Every genre of music has the ability to teach us something new. But there is one genre of music that will not only teach you something new, but change the way you play music entirely — jazz, baby.
Now we might be biased, but here at the Jazz Music Institute, we strongly believe ALL musicians should attempt to study jazz at some point throughout their musical journey. At first, jazz may not be at the top of your “genres to learn” list, but perhaps this article might swing you over to our side of the musical street.
So okay… “How?”, I hear you ask. Follow along.
What exactly makes jazz the ultimate genre of music to learn?
Before you dip your toes in, it is important to note that to an outsider or beginner, jazz is complex — harmonically, rhythmically and melodically. It demands a certain level of virtuosity from each musician. The good news is, if you’re able to crack the code and master its complexities, you will unlock a musical superpower that makes you an extremely adaptable and skilled musician.
1. It will expand your music theory and importantly, your harmonic knowledge.
Don’t let this deter you however, instead it should ease your anxieties! To put it simply, music theory is just a way of labelling what we hear. Try not to think of music theory as such a dry musical tool and instead think of it as the science behind music.
Also, jazz music and jazz standards are jam-packed with harmonic information, both diatonically and non-diatonically. Basically, that just means within the key and outside of it too! If you are unsure about how chords are formed or built, jazz will most definitely expand your knowledge there — and maybe even blow your mind a little bit.
Jazz chord colours are diverse and will diversify the creative choices available to each musician. You may or may not have heard that in jazz, we love to use our 7th chords, or extensions, and alterations? These types of chords have all the answers and will ultimately teach you the most important lessons in how to voice-lead or connect chords together.
On top of all of this, jazz theory will prepare you for improvisation or creating in the moment. It will teach you openness, malleability, and your own personal expression. And once you learn the theory, you will slowly unlock a way to create new music spontaneously for the rest of your life. Which is the perfect segue for me to bring up reason number two…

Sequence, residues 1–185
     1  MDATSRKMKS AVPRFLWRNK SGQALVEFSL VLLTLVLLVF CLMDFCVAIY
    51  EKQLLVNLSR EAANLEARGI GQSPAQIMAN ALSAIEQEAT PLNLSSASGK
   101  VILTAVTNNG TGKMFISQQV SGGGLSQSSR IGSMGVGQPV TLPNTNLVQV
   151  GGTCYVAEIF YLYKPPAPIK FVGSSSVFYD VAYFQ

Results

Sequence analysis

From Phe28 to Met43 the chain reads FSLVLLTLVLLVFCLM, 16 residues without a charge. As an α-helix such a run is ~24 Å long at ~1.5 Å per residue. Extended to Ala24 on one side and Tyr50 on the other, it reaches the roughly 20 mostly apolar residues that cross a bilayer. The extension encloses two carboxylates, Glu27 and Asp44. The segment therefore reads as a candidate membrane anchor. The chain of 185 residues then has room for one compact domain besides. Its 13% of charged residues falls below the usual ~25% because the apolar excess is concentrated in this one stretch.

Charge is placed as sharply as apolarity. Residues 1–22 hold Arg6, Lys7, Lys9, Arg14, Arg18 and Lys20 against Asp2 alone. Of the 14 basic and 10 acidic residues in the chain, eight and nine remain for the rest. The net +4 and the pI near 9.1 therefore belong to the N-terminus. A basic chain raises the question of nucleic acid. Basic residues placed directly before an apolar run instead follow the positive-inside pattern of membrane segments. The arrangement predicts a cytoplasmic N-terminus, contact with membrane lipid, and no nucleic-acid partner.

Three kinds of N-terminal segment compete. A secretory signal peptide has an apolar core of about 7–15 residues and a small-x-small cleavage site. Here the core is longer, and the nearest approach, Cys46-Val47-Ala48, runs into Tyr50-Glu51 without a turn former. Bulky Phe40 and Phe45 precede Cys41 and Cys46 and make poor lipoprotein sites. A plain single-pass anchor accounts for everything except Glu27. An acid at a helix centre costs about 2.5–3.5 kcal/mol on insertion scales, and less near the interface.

2. Jazz will teach you to improvise and improvisation is the bread and butter of what jazz music is, and what inevitably makes the jazz musician, the ultimate musician.
“With jazz improvisation, instead of playing Beethoven, you are Beethoven,” said jazz musician and educator Dave Frank.
When you improvise, you have no map — except your own skills, tastes, and choices. Improvisation proves that you and your instrument are actually capable of more than you think! When you learn to improvise without your map (aka, sheet music), it requires you to be more physically and mentally engaged with your instrument. Naturally, all of the important elements of music (melody, harmony, rhythm & expression) will begin to deepen and give you more confidence as a musician in any setting.
If you are unable to play music without reading notes from a page, then you simply don’t know the full potential of your instrument yet. So… *cough* learn jazz *cough*.
3. Jazz forces you to become highly proficient on your instrument of choice.
If you’re jamming with others and improvising regularly, you will have no choice but to become a master of your instrument. Jazz has many harmonic complexities, a vast range of slow to fast tempos, various arrangement possibilities and many different rhythmical styles. The overall language of the music will without fail, put you above the rest. There are simply no shortcuts in jazz. You will be forced to dive headfirst into every crevice of your instrument. And jazz will always shine a light on what needs work.
4. Jazz will improve your ear.
Even if you have a strong knowledge of theory, chords or scales, you will not be able to advance without a strong ear. Developing a strong connection between your theory knowledge and your ability to hear and identify chords and scales will improve your musicianship exponentially. An essential part of jazz training is transcription, which is essentially learning common phrases and licks by ear. If you study jazz, you will be doing a lot of this. Transcription is an excellent way of improving what you hear and being able to hear what you play.
Reggie Thomas, Head of Jazz Studies at Northern Illinois University once said:
“Music is the greatest teacher of music”
— and we concur.
Check out this vlog by JMI’s Head of Woodwinds Teacher, Joshua Hatcher on how to hear what you play before you play it.
5. And finally, you will become competent and adaptable in all musical genres, thus making it all worth it.
Within the musical family tree, below the all-hailing mother that is JAZZ, sits blues, pop, rock, hip-hop and more. Jazz is the mother genre. Learning jazz will give you all the tools you need to be able to learn and play other genres. Jazz theory can easily be translated to pop or rock styles like no other genre. So if you’re wanting to expand the genres you play, learning jazz will get you there a lot faster than any other genre.
“Jazz is a more elevated, advanced version of pop and rock theory,” said Piano Power founder and director Abraham Levitan.
“It seemed almost like cheating to play pop and rock after I learned jazz theory, because pop and rock is a simpler version of jazz.”
If you enjoyed this blog, please see some of our older blogs relating to a similar topic.
You don’t need to aspire to become a jazz musician to get something out of learning the genre. There is truly something that jazz can offer to every musician.